An Educational System for Learning Search Algorithms and Automatically Assessing Student Performance

In IJAIED 27 (1): "Special Issue on AI-Supported Education in Computer Science "

Publication information


Algorithm visualization, Artificial intelligence curriculum, Automated assessment, Intelligent Tutoring System, Search algorithms, Task sequencing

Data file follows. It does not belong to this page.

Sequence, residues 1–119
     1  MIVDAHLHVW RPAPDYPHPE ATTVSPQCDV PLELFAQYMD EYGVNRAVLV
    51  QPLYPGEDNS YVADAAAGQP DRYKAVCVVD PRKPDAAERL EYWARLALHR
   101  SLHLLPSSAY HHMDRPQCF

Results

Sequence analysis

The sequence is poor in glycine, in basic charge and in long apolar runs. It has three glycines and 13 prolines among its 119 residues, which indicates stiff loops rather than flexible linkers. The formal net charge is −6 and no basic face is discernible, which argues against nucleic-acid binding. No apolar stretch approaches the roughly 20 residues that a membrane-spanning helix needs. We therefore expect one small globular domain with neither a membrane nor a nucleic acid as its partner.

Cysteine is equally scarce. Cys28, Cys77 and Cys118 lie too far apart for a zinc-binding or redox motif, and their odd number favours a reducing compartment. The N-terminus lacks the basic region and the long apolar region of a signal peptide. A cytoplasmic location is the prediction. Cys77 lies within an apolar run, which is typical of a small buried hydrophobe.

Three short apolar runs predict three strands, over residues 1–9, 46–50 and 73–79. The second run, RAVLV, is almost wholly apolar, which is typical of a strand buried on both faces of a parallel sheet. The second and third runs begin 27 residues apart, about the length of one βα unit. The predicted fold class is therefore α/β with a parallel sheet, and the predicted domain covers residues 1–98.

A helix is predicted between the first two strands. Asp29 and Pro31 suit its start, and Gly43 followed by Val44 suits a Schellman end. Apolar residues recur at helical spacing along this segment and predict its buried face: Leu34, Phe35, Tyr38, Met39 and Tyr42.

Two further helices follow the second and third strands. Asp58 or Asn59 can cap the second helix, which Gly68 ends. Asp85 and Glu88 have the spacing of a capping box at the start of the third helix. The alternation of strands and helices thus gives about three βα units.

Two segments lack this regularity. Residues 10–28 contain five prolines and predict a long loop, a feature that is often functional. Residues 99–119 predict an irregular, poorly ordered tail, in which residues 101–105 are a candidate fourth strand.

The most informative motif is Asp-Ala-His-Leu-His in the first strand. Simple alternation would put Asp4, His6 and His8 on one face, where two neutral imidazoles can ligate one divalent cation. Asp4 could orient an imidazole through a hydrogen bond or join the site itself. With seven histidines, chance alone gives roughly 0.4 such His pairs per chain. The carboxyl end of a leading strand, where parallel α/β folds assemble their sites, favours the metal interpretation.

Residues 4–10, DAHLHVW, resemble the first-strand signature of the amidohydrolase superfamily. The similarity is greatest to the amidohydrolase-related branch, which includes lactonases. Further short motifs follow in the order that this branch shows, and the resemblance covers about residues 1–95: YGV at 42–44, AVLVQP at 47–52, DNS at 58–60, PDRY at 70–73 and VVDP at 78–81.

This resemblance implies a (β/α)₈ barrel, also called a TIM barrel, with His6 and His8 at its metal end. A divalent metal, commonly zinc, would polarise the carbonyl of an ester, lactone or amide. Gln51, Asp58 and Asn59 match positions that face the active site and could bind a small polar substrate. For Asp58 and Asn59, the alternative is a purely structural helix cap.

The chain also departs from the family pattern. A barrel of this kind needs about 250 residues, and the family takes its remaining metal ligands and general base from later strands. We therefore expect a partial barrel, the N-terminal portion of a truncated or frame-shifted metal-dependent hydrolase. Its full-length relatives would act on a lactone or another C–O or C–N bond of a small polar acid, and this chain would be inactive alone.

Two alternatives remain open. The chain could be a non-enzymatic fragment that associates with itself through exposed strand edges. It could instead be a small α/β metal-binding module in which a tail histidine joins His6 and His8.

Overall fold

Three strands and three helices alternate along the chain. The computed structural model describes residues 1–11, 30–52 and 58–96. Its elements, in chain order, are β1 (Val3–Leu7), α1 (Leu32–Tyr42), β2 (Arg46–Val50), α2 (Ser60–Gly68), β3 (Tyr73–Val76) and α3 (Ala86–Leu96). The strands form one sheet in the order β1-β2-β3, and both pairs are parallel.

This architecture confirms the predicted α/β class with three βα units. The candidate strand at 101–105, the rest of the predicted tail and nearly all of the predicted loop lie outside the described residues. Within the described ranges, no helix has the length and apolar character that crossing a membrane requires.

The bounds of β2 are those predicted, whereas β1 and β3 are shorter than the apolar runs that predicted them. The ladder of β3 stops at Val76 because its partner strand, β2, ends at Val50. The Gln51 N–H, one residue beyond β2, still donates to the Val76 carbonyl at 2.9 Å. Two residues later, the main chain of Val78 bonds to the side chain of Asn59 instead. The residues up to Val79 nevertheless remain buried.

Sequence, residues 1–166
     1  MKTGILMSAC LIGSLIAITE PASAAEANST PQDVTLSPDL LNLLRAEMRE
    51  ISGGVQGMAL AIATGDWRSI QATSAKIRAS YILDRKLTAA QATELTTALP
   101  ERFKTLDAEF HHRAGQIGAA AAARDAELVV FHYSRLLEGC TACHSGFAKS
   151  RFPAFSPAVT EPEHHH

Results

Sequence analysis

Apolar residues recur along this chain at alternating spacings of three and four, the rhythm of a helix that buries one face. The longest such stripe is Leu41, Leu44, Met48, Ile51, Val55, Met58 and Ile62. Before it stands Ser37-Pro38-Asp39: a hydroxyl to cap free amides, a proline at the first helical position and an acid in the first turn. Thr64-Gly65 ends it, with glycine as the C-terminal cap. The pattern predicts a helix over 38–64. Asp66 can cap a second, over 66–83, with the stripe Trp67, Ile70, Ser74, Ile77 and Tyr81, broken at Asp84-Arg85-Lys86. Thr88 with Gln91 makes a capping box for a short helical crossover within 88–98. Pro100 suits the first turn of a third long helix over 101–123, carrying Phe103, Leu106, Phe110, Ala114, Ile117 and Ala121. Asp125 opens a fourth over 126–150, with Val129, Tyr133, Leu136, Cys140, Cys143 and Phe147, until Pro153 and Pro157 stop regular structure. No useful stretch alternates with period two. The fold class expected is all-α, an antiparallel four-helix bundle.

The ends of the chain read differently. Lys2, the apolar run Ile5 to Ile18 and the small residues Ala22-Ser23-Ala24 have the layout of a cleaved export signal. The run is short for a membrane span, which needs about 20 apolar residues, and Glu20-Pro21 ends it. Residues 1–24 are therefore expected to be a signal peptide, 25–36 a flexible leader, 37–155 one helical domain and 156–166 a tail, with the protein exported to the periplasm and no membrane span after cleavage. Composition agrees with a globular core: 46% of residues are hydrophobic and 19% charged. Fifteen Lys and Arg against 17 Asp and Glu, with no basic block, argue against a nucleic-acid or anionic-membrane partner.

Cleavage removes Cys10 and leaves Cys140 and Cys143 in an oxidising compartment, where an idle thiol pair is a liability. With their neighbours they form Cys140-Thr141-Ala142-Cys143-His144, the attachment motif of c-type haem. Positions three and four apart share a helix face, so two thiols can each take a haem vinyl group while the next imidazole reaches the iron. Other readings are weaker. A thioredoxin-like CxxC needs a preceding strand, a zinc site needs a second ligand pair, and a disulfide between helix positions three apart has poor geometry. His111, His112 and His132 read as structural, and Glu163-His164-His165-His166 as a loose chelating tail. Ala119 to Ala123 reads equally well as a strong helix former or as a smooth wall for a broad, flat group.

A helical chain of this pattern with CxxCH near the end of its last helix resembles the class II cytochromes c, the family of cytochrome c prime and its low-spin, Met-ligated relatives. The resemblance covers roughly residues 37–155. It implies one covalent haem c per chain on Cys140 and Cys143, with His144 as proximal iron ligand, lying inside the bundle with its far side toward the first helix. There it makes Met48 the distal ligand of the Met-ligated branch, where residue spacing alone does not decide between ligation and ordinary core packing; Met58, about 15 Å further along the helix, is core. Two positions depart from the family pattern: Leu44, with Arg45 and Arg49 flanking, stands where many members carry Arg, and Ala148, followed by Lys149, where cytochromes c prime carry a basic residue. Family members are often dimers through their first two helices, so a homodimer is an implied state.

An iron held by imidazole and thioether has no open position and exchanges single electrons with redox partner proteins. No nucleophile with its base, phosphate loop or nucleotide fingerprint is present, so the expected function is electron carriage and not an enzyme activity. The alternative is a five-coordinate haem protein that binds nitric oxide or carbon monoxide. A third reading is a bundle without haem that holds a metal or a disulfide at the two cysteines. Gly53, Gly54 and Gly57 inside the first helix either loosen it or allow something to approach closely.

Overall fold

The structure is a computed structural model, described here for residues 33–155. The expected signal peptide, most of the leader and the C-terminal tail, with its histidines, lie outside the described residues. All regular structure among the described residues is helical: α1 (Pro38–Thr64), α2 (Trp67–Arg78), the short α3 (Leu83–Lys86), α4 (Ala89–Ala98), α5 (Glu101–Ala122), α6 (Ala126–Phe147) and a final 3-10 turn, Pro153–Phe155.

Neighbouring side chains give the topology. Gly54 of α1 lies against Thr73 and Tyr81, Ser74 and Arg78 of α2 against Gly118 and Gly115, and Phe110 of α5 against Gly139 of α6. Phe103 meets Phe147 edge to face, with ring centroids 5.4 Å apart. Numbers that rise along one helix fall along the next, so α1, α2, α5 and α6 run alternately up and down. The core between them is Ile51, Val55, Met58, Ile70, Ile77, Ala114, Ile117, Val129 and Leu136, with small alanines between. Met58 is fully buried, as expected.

In this paper, first we present an educational system that assists students in learning and tutors in teaching search algorithms, an artificial intelligence topic. Learning is achieved through a wide range of learning activities. Algorithm visualizations demonstrate the operational functionality of algorithms according to the principles of active learning. So, a visualization process can stop and request from a student to specify the next step or explain the way that a decision was made by the algorithm. Similarly, interactive exercises assist students in learning to apply algorithms in a step-by-step interactive way. Students can apply an algorithm to an example case, specifying the algorithm’s steps interactively, with the system’s guidance and help, when necessary. Next, we present assessment approaches integrated in the system that aim to assist tutors in assessing the performance of students, reduce their marking task workload and provide immediate and meaningful feedback to students. Automatic assessment is achieved in four stages, which constitute a general assessment framework. First, the system calculates the similarity between the student’s and the correct answer using the edit distance metric. In the next stage, it identifies the type of the answer, based on an introduced answer categorization scheme related to completeness and accuracy of an answer, taking into account student carelessness too. Afterwards, the types of errors are identified, based on an introduced error categorization scheme. Finally, answer is automatically marked via an automated marker, based on its type, the edit distance and the type of errors made. To assess the learning effectiveness of the system an extended evaluation study was conducted in real class conditions. The experiment showed very encouraging results. Furthermore, to evaluate the performance of the assessment system, we compared the assessment mechanism against expert (human) tutors. A total of 400 students’ answers were assessed by three tutors and the results showed a very good agreement between the automatic assessment system and the tutors.